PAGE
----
Blog Post


April 2016

As we have now started the new tax year, we want to try to summarise some of the key changes in the worlds of personal and company taxation.
The March budget showed that George Osbourne is still not focussed on simplification of the tax system. He continues to make a lot of incremental changes: some of them good, some less so.
While the focus on the day of the March Budget was on the Sugar Tax on soft drinks, there is a lot more that taxpayers need to be aware of.
As noted, some of the tax changes are beneficial: for example getting bank interest paid gross; some are less so, especially if you own several properties, and a lot of it is difficult to explain.
But we are here to try to explain what is happening.
We'll start with setting out the good news, and there is some.
The tax free personal allowance has risen to £11,000 from April 2016, an exceptionally high level when compared to other western economies. The band on which you pay basic rate tax of 20% is between £11,000 and £43,000; above that tax is charged at 40%. In April 2017, the Personal Allowance and basic rate upper band will be £11,500 and £45,000.
From April 6th 2016, most people earning interest from their bank or building society will be better off, as interest will no longer be taxed at source under the terms of the new Personal Savings Allowance. Basic Rate tax payers can receive up to £1,000 interest tax-free, and Higher Rate tax payers up to £500.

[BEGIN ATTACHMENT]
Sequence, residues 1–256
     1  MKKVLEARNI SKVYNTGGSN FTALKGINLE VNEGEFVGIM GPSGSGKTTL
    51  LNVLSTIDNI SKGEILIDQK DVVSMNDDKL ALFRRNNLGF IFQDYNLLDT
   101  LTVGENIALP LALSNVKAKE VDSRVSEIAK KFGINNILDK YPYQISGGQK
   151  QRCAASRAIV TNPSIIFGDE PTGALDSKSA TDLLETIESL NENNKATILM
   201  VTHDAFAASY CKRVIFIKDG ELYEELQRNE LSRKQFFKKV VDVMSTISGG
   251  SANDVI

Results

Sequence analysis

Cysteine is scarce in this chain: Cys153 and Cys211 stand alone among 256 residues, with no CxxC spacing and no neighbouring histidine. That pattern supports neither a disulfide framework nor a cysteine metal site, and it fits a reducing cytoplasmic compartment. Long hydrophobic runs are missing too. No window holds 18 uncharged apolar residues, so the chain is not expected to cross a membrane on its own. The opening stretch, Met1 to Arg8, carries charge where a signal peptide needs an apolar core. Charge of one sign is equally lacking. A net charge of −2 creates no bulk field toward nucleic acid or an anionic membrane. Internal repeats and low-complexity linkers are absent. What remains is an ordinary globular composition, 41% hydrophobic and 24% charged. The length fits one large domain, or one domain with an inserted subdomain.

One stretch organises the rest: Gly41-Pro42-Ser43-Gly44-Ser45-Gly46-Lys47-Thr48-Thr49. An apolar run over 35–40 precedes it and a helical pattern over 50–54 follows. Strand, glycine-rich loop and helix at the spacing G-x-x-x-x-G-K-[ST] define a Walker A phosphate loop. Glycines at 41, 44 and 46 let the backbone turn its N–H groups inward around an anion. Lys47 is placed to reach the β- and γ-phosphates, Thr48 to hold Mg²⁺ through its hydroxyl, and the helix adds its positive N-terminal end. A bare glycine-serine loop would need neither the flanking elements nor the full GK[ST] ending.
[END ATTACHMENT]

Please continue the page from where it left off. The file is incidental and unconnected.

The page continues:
If you are an employer, the Employment Allowance on Employers National Insurance has risen, meaning that the first £3,000 of National Insurance for a company is tax free.
From April 6th 2016, the Rent-a-Room Relief has increased from £4,250 to £7,500, meaning that the first £7,500 you receive for renting a room out in your house is tax free.
If you have money to invest and have confidence in the stock market you can invest £15,240 in an ISA and your income from that will be tax free. From April 2017, the annual ISA allowance will increase to £20,000. For investors under 40, a new Lifetime ISA is to be introduced in 2017, which enables savers to put £4,000 into an ISA, and the ISA will be topped up by one quarter if the ISA is untouched before the investor reaches 60 – it presents an interesting alternative to a personal pension.
The first £11,100 of any Capital Gains you make in the tax year also remains tax free. However, the rates of tax on gains above £11,100 are being reduced to 20% higher rate and 10% lower rate, except for property sales. This will present interesting changes to investing decisions, especially when considered alongside the higher dividend rates.